I stanned Erasmo Ramirez in the past as a squat dude with good control, thus I have no problem following up with Newsome. He only throws in the low-90s, but after taking to the Gas Camp work last fall, that’s considerably better than before and, most importantly, he’s still locating. If there’s one major reason for pause, it’s that in the Cal League, he had a 30.4% K-rate and that dropped as he spent time in double-A, down to 18.5% overall. That’s usually the biggest red flag you can get out of the crafty, command-based types: It stops working against more experienced competition. I would say he’s worth a flier as a developmental project that could see results in 2021 or 2022 as opposed to next year, but that could also be a reason to leave him off as he’s in a “prove it” position and he doesn’t have the flashy pitches of your usual Rule 5 selections. Moreover, he’s not the kind of piece you build around as much as a guy who helps allocate your innings as he’s ready to, much like our pal, Erasmo himself.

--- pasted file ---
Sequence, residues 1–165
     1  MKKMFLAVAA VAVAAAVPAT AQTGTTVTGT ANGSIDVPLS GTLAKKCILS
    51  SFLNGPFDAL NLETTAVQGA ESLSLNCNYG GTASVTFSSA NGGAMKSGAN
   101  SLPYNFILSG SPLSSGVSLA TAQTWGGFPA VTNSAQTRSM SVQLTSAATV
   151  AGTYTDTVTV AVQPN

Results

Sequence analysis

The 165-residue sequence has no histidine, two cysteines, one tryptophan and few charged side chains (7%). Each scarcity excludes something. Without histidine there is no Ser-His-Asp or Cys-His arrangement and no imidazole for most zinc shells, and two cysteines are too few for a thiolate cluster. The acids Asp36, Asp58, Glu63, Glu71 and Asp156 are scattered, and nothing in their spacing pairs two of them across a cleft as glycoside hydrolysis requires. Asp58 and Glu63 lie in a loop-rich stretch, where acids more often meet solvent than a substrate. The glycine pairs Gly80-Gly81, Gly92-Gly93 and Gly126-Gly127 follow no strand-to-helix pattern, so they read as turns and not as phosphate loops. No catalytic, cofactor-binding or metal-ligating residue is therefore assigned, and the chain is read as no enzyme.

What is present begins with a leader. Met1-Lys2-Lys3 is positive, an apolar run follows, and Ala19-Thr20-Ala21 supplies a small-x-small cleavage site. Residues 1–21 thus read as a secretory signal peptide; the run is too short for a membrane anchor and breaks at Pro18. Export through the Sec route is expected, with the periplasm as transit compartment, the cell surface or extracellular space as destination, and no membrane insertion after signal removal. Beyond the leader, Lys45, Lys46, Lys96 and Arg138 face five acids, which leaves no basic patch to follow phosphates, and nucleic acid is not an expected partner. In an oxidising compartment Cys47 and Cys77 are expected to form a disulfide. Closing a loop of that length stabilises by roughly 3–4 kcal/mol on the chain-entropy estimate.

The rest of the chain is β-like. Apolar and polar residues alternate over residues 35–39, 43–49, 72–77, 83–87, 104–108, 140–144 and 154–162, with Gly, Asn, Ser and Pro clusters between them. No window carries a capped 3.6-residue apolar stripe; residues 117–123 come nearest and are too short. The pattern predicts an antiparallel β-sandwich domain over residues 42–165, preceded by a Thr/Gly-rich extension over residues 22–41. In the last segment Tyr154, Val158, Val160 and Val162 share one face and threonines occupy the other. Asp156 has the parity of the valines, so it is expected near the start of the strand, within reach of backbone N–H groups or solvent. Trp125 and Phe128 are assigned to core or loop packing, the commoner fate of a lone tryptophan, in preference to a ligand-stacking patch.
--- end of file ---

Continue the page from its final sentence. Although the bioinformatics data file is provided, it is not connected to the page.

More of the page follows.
RHP Nabil Crismatt, 6’1”, 215 lbs, 12/25/1994, Int’l FA Colombia (Mets)
(AA) 4-5, 14 G (13 GS), 1.94 ERA in 83.2 IP, 57 H (6 HR), 22 R (18 ER), 89/11 K/BB, 3 HB, 11 WP
(AAA) 0-5, 13 G (8 GS), 9.06 ERA in 46.2 IP, 67 H (15 HR), 51 R (47 ER), 68/20 K/BB, HB
Pros: Relatively young, posted best statistical season, that name + DOB combo
Cons: What is the PCL, even?